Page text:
By Brian Tuohy
You're not superstitious, are you? Of course not. You're an adult, and have put such childish ideas behind you no matter what those Bud Light commercials say. The idea of a curse is something out of folklore or pop-culture, seen in books like Stephen King's Thinner or on the big screen in Sam Raimi's Drag Me to Hell. They don't really exist.
In the sports world, many such "curses" are familiar. The "Madden Curse" -- based on the theory that whoever graces the cover of the wildly popular EA Sports video game is doomed to injury or a career downturn -- seems well-documented. Of the 17 players featured, 14 have suffered from the curse in some way. However, the game's very namesake, one John Madden, whose image regularly appeared on the game box, never suffered such an ill fate.
In baseball, there's the "Curse of the Bambino," which doomed the Boston Red Sox for more than 80 years after the day the team sold Babe Ruth to the New York Yankees for $125,000. The Chicago Cubs have several supposed curses against them -- the billy goat, the black cat, the unfortunately-seated Steve Bartman -- but are these true curses, or merely excuses for decades of bad baseball?
While you can easily poke holes in the mythology around those "curses," there is one long-standing sports curse that has yet to succumb. That is the Super Bowl curse; or more aptly written, the strange "coincidence" in which no host city has seen their hometown team play in the Super Bowl in their own stadium. Had I written this in 1977, you might not think this was even worth mentioning. But this is 2013, and as Super Bowl XLVIII (translated: 48) approaches, it appears as if New York/New Jersey won't see either the 0-4 Giants or the 2-2 Jets manage to break this long, strange streak that has persisted for nearly five decades.
Now, granted, prior to this season, only 15 cities have ever been awarded a Super Bowl. Of those, two -- the Rose Bowl (hosted five times) and Stanford Stadium (hosted once) -- weren't even NFL venues. Both New Orleans and Miami have held 10 Super Bowls apiece, and until recently, the Saints were never a threat to reach the playoffs, much less win a championship. The rest of the games were sprinkled throughout the Southern United States, with two Northern dome cities -- Detroit (twice) and Minneapolis (once) -- getting a rare shot at hosting duties. That being the case, many teams have never had a crack at breaking this supposed "curse" simply due to matters of geography and venue. If, for example, Pittsburgh was deemed suitable to host the big game in the 1970s, or if it had gone to Candlestick Park in the 1980s, we might not even be having this conversation.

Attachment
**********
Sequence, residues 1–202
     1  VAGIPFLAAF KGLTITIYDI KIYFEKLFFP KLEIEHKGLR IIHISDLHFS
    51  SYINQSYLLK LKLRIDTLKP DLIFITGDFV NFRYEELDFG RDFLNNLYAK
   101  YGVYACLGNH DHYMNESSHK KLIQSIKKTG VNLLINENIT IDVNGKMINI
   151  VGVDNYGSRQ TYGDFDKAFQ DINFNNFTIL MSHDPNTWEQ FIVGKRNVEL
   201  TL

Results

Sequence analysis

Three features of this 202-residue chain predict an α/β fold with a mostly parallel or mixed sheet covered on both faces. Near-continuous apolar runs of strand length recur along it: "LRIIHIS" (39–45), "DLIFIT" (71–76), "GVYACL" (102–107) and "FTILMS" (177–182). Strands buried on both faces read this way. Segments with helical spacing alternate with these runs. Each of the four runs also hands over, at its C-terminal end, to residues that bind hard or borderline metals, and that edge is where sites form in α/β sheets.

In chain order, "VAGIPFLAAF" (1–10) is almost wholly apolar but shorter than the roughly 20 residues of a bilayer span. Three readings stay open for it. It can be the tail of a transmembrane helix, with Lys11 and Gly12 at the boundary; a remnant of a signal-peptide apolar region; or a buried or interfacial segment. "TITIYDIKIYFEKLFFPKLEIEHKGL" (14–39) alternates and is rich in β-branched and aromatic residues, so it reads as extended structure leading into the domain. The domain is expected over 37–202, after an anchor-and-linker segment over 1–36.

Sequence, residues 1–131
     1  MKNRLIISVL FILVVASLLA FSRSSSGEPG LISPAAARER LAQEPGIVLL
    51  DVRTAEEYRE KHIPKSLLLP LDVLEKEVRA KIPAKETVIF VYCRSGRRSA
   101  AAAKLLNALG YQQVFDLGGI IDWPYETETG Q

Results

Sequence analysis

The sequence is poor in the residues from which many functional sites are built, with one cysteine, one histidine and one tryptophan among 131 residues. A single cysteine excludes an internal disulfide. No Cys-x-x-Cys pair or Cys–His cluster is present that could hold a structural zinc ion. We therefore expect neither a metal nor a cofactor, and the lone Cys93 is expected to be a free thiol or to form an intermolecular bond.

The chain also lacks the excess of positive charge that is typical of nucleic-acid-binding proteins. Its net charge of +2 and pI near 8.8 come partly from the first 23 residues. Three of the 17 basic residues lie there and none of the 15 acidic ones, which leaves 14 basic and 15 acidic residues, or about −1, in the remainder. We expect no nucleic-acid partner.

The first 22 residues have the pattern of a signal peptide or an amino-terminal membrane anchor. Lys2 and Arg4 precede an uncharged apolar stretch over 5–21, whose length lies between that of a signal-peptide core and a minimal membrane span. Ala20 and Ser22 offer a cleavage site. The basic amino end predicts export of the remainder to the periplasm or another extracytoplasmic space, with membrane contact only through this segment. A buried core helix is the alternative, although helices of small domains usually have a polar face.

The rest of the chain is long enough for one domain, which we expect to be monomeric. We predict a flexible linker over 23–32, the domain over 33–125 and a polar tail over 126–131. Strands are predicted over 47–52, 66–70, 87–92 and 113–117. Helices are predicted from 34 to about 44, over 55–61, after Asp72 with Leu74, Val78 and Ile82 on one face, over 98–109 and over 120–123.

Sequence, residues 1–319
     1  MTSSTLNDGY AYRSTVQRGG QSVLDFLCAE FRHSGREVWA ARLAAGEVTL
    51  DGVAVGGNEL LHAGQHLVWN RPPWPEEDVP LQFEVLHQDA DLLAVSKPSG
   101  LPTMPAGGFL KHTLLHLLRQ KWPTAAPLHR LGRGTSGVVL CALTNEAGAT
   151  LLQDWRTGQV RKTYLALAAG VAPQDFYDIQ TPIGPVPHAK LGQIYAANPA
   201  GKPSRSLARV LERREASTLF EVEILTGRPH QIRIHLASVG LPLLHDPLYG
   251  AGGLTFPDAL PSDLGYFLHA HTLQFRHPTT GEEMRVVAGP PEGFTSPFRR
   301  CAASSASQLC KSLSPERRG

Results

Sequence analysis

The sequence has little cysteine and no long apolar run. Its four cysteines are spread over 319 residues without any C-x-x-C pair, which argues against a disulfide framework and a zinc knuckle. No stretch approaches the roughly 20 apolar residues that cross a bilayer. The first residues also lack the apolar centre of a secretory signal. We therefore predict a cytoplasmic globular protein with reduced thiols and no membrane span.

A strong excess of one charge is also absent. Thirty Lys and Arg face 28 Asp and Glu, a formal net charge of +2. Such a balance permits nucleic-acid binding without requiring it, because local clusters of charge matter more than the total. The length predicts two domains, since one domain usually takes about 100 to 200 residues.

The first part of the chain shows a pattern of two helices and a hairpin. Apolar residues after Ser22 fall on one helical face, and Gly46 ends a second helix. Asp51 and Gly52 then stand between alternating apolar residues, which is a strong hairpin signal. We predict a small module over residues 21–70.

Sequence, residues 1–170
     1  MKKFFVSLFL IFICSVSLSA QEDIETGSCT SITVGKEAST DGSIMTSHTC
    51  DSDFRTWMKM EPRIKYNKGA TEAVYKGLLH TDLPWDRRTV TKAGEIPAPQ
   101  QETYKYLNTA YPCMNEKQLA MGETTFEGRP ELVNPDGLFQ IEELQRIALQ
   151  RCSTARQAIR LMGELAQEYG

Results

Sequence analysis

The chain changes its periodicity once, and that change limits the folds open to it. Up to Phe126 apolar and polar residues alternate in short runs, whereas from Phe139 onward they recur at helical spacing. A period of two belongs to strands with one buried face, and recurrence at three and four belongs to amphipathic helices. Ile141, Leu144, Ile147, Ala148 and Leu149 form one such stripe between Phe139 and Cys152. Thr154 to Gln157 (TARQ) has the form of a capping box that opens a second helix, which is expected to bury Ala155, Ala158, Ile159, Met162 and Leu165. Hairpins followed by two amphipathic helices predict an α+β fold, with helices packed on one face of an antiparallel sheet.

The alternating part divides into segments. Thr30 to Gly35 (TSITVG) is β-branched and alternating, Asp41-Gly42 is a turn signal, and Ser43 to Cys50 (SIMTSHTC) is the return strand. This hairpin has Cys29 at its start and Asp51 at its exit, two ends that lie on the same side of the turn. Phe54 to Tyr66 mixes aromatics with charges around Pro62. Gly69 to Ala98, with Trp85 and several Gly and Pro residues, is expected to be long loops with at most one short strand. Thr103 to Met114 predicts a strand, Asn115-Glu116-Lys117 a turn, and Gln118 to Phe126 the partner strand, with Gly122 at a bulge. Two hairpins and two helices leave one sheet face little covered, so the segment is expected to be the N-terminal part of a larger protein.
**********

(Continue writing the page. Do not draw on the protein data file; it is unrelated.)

The NFL's reasoning behind such venue choices was to prevent inclement weather from affecting the outcome of their biggest game of the season. With a record much better than the Farmer's Almanac, they've been nearly totally accurate thus far (one exception being the rain on Peyton Manning's win over the Bears in Miami in 2009), an oddity in and of itself.
But it's never really been about having the game at a neutral site. If it were, the NFL could have played each Super Bowl in Hawaii as they used to do with the Pro Bowl, or since there's not currently a Los Angeles-based team, chosen an unused stadium there. Heck, even certain gargantuan Texas high school stadiums could play host. But today the league is adamant that the game be played on an NFL field.
So have the NFL and each host city -- which benefits from having fans from two other cities pour into town to spend gobs of money on Super Bowl-related festivities -- just been lucky?
It seems like it's more than just good fortune, because the Super Bowl is determined well ahead of time. The 2014 Super Bowl is set for Arizona -- a decision made in 2011 -- and it was announced yesterday that the 2015 Super Bowl will be held in the soon-to-open Levi's Stadium, future home of the 49ers. Who's to say neither the Cardinals nor the 49ers have a shot at the title during their hosting season?
The curse, that's who.
There have been just two close calls to a home team Super Bowl. The first came in Super Bowl XIV, held at the Rose Bowl in 1979. While the home field of the then-Los Angeles Rams was just a hop, skip, and jump away from Pasadena, it was the Pittsburgh Steelers who dominated, 31-19. Five years later, Stanford Stadium was granted its one and only chance at hosting the Super Bowl, pitting the Dolphins against the 49ers. Miami traveled approximately 2,600 miles to make the game; the 49ers 30 miles. They trounced the Dan Marino-led Dolphins 38-16.